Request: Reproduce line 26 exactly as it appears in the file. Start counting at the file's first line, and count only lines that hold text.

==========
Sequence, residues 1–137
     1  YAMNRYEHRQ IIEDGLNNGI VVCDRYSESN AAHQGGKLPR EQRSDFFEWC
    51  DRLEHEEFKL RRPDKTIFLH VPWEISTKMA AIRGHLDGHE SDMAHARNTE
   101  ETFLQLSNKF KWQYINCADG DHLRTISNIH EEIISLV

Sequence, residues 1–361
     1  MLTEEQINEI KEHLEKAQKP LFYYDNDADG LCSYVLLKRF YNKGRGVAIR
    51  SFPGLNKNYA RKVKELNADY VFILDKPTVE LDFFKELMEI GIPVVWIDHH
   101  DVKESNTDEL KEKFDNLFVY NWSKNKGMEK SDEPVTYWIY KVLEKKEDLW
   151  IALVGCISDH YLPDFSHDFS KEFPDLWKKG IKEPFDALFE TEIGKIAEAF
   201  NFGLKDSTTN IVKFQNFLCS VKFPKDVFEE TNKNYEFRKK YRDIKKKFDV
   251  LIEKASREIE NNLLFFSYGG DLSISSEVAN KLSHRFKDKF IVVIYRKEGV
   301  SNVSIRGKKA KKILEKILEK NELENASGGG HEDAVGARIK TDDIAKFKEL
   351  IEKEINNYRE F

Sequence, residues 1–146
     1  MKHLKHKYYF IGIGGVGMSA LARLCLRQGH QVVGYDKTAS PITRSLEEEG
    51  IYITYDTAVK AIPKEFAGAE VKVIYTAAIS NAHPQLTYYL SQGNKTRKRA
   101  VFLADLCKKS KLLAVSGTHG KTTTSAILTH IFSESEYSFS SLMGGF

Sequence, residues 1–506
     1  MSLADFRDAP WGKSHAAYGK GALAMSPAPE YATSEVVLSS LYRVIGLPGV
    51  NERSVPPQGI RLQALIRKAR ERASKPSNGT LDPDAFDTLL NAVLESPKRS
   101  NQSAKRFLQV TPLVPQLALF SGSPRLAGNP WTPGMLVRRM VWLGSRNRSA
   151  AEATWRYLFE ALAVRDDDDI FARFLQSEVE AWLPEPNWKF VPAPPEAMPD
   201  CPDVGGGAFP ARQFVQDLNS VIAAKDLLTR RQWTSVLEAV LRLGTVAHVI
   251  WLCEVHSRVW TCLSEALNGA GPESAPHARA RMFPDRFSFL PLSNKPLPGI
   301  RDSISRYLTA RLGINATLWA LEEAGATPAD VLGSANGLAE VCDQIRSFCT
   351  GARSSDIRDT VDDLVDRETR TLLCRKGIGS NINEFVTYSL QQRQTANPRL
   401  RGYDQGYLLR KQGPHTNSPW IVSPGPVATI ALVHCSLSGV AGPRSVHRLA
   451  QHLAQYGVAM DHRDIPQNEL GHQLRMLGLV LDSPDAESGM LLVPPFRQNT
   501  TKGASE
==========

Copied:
   351  GARSSDIRDT VDDLVDRETR TLLCRKGIGS NINEFVTYSL QQRQTANPRL